Wednesday, February 27, 2013

Benetech’s Framework for Developing New Social Enterprises

I was delighted when Ron Schultz invited me to collaborate with him on his latest book Creating Good Work – The World’s Leading Social Entrepreneurs Show How to Build a Healthy Economy. What I liked most was the idea to create a body of knowledge that’s truly helpful to prospective and emerging social entrepreneurs. I’m honored to join my fellow contributors in sharing practical lessons we’ve learned throughout our journeys towards actualizing positive social change. I look forward to continuing the conversation the book has opened.

Ron Schultz's latest book, Creating Good Work

Creating Good Work arrives at a critical time for the social entrepreneurial movement. We see tremendous innovations in social enterprise, but these are merely part of larger, global changes in the ways in which society organizes itself to create public goods. Digital and mobile communications are changing the rules about social networks, intellectual property, and the availability of big data, with an overall blurring of the boundaries between state, for-profits, and nonprofits. We’re learning new ways to create and sustain social value. As philanthropy wonk Lucy Bernholz writes, together, these changes add up to a new social economy: “[A] dynamic and diverse set of enterprises that deploy private resources to the creation and sustenance of public goods.”

As I was thinking about this, it became clear that now is the time to look beyond the tools for social change that we’ve built and consider the frameworks that guide us in moving them forward and in identifying the next projects to work on. In my contribution to Ron’s book, I discuss the framework that guides us at Benetech, the technology nonprofit I lead. I hope this discussion helps other social enterprises examine and develop their own frameworks.

When I first started pursuing the idea of using technology to solve challenging social problems, it was a pretty radical idea. Now, more than two decades later, social entrepreneurship is a hot global movement and Benetech has become the “go to” nonprofit software company in the heart of Silicon Valley. During that time, we’ve grown from offering one product to offering many products and services, in four program areas: education, human rights, the environment, and, now, tech volunteerism.

We are always exploring new projects with the hope of launching a new product each year. And as we’ve grown, we’ve learned what works for us and what doesn’t, which has led us to codify two frameworks to guide our team. Benetech’s New Project Framework helps us identify the next projects to work on. The Benetech Truths define our culture and focus our efforts on how we operate. I want to focus here on our New Project Framework, but if you’d like to you can read more about the Benetech Truths in this blog post.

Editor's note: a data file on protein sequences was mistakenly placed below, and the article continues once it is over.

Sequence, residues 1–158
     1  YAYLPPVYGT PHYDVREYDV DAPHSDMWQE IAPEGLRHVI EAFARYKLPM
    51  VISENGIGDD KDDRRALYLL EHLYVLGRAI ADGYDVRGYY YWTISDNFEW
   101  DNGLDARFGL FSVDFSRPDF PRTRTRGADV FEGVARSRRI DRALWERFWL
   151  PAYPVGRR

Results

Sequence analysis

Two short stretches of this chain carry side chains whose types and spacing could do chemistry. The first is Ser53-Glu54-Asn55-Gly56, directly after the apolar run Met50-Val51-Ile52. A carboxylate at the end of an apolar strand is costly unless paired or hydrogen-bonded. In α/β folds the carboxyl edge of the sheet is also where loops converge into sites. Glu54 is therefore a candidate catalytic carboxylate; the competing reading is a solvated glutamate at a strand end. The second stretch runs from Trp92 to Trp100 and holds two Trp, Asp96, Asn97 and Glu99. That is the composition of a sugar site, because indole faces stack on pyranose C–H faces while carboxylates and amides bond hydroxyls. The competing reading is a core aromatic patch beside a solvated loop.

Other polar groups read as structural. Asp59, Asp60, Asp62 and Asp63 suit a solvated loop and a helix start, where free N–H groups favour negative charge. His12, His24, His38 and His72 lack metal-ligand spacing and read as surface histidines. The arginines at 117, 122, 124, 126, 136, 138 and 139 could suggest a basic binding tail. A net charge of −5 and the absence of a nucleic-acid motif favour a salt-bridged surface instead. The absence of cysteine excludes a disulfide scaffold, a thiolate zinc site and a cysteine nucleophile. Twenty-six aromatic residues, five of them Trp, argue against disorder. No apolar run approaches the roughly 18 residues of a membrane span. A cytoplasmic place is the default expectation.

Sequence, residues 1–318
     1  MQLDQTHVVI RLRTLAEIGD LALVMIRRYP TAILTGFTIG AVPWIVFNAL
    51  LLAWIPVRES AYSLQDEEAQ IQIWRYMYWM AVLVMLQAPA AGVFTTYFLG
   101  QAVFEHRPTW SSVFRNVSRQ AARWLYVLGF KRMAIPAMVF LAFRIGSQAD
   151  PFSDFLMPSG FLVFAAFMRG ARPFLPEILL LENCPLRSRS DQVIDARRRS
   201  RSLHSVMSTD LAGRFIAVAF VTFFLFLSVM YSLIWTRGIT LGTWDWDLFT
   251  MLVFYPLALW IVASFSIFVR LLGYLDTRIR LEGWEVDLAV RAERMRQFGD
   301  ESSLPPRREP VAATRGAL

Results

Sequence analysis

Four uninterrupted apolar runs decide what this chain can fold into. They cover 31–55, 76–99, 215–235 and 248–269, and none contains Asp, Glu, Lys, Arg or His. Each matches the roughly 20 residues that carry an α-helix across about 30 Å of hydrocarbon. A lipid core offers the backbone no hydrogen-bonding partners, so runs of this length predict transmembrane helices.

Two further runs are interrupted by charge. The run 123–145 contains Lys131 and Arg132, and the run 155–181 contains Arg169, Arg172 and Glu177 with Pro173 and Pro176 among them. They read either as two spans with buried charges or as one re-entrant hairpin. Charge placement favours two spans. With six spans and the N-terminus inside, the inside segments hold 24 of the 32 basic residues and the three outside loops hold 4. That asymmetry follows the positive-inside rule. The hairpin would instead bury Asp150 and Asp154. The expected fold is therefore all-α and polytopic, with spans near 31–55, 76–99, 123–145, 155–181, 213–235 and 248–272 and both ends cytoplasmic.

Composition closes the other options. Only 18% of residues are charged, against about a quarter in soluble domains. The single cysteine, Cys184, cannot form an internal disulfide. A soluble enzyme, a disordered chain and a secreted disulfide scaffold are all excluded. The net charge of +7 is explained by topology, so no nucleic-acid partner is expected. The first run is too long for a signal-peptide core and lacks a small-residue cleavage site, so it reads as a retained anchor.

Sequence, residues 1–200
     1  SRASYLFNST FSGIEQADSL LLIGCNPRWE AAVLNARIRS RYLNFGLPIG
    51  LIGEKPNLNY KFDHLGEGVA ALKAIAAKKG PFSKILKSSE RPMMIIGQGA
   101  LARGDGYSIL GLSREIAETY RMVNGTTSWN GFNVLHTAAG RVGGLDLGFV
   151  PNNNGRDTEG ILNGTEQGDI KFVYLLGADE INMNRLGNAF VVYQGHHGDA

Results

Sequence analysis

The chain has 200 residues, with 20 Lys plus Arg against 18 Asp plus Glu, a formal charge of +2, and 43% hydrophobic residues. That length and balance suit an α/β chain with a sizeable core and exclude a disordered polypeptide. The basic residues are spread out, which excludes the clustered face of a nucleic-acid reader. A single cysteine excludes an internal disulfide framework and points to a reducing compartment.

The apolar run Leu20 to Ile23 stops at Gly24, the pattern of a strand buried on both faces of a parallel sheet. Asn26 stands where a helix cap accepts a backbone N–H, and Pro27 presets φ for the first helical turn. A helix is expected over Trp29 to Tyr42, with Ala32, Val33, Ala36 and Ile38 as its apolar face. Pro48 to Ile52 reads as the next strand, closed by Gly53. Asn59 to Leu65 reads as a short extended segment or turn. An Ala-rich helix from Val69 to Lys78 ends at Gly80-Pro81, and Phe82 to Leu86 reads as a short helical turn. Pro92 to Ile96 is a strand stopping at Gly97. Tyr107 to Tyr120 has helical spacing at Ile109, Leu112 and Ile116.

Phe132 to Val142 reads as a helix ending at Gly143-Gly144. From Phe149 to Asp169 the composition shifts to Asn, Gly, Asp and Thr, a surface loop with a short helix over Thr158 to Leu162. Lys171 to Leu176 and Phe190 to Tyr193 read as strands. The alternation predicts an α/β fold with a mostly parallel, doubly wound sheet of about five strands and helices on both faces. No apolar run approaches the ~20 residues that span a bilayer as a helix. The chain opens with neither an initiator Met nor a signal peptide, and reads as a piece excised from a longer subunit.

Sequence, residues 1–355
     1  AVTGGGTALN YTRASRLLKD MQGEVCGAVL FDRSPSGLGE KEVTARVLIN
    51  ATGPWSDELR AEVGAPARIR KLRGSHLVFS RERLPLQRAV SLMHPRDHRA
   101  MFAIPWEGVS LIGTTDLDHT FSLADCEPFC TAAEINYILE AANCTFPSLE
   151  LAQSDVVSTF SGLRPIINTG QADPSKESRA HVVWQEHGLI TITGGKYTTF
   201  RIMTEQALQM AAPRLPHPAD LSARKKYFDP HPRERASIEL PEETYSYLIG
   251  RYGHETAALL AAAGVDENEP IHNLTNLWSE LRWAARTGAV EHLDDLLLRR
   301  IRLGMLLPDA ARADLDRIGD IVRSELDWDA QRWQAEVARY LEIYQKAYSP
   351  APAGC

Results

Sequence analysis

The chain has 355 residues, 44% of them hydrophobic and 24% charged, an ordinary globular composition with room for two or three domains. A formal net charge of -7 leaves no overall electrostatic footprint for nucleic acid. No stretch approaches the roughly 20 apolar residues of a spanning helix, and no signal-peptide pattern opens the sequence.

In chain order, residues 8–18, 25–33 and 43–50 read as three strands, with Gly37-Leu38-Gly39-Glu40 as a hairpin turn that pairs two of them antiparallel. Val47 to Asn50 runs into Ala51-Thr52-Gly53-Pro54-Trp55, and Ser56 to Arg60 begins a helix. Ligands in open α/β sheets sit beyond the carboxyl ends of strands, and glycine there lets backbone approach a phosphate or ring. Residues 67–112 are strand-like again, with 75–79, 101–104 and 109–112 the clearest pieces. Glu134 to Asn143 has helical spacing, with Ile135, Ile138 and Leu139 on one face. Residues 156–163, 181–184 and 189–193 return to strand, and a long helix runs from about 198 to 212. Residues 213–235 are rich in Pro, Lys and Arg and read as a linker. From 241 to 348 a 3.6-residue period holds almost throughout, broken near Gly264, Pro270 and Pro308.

At Benetech, we look to fill the gap between what’s possible and what’s profitable with technology. We address the market failure that occurs when the needs of the social sector don’t match the goals that for-profit companies consider worth pursuing. But we have far more opportunities to respond to these gaps then we can possibly take on, so we use our New Project Framework to identify the one project each year that offers the greatest chance of making a difference. To explain our approach, let’s look at Bookshare, our accessible online library for people with print disabilities.

When Bookshare was first created, most people with print disabilities read printed material via books on tape or hardcopy braille books delivered through the mail. Converting and delivering these accessible books was expensive and time consuming. With the old approaches, only a tiny fraction of print materials were made available in accessible formats. As a result, people with disabilities were left behind, facing insurmountable barriers to opportunities in education, employment, and social inclusion.

With support from stakeholders in the education, technology, publishing, student, parent, and volunteer communities, Benetech changed that reality. The Bookshare breakthrough put our users in charge of the collection with a crowd-sourced library built by—and for—the people it serves. Instead of deciding what people with disabilities should read, we let our users decide which books to scan and share with each other, which was all made possible by an exception in U.S. copyright law.

Our lower cost model allowed us to invert the power structure. As a result, we quickly became the world’s largest online library for people with print disabilities. By partnering with the Bookshare community, we reinvented the traditional library for people with print disabilities and brought modern ebook technology to this underserved community. We developed strong relationships with publishers who share our values and voluntarily submit high quality digital files directly to Bookshare. In fact, during the past two years, over 70% of our new books have come directly from publishers and we can add them to our library automatically, almost all without needing human intervention. Now, when a person who is blind needs a specific book for school, work, or simply to read the same book as their peers without disabilities, s/he is likely to find that title in Bookshare—in the format they need—with Benetech delivering it for less than one-fifteenth of the cost of previous approaches.